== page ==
Annemarie Smith, creator of Parents Against Xenos calls the Church the “Xenos Cult”, and their leader, “The Devil Man.” At her blog she describes her son’s history with the Xenos Cult, which is not at all unlike Rifqa’s story. Her son Tom, like Rifqa, was an honor roll student. A charismatic over-achiever. But like Rifqa he was relatively new to the area, and needed friends. Members seek out candidates with family problems, or who just don’t fit in somehow. Just as Muhammad describes his daughter, Annemarie described Tom as “speaking as if reading from a script.” Like Rifqa he was baptised in his new religion. He told his family that he did not feel as connected to them as to his new Church, and he could not have relationships that were not centered around God. So complete was the group’s control over Tom that he called to threaten her into shutting down her website. But she continued in good faith, hoping that her son would come around. The leader then accused her of carrying on a “terror campaign” when she stood outside the Church’s meetings with signs saying, “I want my son back.” In her crusade against the Xenos Cult, Annemarie has pulled many from the flock, but not Tom.

Let me be clear. I subscribe to a principle which is as Islamic as it is American, that the accused be considered innocent until proven guilty. I consider the father innocent of the allegations of abuse until I see evidence. Similarly, I consider the pastor innocent of the allegations of brainwashing until I see evidence. I believe that this is most likely what happened to Rifqa. The flavor is different, but the results are the same.

Rifqa and her attorney, John Stemberger describe her family as “extremely devout” and try to connect the family with terrorism in the community. The Muslim response has been that Muhammad is not very devout. His daughter was a cheerleader, and his son drinks beer and parties.

This is a fundamentally problematic argument. This argument concedes that devout Muslims are violent and throws the Bary family under the bus to save Islam from controversy. If you want to jump to the defense of Islam, just link people to the hundreds of scholars who confirm that the death penalty for apostasy comes from a time in history when apostasy was synonymous with treason. It has no place in the modern world. There is no compulsion in religion. Islam is not on trial here. We are talking about a specific person. And specific people are capable of murder. We cannot allow this to be an argument about Islam, but instead should stand up for justice.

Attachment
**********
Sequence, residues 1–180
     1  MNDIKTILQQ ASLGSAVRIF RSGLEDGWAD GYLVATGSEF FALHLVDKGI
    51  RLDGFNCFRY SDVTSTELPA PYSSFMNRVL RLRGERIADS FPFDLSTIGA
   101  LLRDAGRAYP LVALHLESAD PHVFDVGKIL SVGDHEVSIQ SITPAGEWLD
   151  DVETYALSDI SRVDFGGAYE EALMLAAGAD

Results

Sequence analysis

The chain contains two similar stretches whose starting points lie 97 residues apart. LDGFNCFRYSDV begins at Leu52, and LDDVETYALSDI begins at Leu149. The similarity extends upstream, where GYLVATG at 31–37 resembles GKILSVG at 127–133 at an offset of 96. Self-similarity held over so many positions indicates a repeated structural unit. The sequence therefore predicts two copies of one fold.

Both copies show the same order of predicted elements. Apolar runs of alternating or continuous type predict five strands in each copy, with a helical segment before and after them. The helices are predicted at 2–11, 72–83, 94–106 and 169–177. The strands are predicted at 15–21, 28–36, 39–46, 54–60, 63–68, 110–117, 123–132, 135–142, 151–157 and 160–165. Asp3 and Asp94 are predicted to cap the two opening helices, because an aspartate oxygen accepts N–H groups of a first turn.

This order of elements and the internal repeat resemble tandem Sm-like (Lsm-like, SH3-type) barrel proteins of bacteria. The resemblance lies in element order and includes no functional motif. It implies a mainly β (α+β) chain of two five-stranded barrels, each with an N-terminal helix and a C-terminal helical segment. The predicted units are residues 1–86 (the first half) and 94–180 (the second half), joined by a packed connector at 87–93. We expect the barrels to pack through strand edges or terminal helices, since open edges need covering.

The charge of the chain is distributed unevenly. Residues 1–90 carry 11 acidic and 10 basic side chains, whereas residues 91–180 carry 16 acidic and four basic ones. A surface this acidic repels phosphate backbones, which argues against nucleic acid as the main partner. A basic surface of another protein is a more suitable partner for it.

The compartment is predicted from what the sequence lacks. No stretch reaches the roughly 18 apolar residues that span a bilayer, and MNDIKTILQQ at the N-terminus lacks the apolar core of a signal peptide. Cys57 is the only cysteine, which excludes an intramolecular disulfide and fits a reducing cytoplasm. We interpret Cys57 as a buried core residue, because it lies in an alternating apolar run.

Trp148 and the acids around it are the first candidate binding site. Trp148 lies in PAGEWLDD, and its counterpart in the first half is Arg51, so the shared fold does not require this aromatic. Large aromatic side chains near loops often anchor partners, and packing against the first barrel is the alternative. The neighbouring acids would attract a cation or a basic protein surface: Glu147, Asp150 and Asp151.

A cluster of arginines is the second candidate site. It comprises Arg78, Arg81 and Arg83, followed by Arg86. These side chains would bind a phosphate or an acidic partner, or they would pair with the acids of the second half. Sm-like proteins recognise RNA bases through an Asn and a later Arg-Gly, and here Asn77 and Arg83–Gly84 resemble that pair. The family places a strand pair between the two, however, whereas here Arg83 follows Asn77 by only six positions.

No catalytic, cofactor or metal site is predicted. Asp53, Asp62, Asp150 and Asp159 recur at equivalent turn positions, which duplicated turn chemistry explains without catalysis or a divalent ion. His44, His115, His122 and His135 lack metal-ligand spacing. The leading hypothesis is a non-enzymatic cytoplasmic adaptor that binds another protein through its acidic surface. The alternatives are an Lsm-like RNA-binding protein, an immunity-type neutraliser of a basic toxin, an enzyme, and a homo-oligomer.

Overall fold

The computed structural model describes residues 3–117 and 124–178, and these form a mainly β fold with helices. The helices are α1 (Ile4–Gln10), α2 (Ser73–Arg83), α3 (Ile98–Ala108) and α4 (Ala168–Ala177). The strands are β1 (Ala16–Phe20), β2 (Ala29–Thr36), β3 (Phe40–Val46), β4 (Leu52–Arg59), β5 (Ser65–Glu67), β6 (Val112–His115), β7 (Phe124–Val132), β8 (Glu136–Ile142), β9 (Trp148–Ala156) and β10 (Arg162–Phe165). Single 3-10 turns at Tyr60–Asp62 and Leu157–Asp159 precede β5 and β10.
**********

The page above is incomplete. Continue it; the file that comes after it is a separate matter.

The family insists that they’ve never made any threats. Character witnesses from among the family’s friends and neighbors confirm that they are not as they are being portrayed. Sergeant Jerry Cupp of the Columbus Police Department told the Associated Press that Bary “comes across to me as a loving, caring, worried father about the whereabouts and the health of his daughter,” and police say they have found no evidense of abuse. But this does not support the allegation that Blake Lorenz brainwashed and kidnapped the girl into an Evangelical cult. Screenshots from Rifqa’s Myspace show her proclaiming “JC” as her savior in 2007, long before she met Blake Lorenz. He may be a charlatan who is enjoying his moment in the spotlight.

I believe the most likely culprit here is the Xenos Cult, a group that specifically emphasizes Biblical verses where Jesus tells the disciples to leave their family, disown their loved ones. Xenos tears families apart.

As Muslims, we must suspend judgment, because if we deny the facts, and we bunker down in defense of Islam, and we’re wrong, we will have lost all credibility. The Truth will out. A judge ordered the Florida Department of Law Enforcement to investigate the abuse allegations, while Rifqa is staying with a temporary guardian in Florida until the next hearing scheduled for September 3rd. If any of these allegations are true, the Facebook records will show it. We must stand in defense of the girl, because Rifqa is the victim in any scenario.
Davi Barker is a California-based writer. An unedited version of this article previously appeared at Examiner.com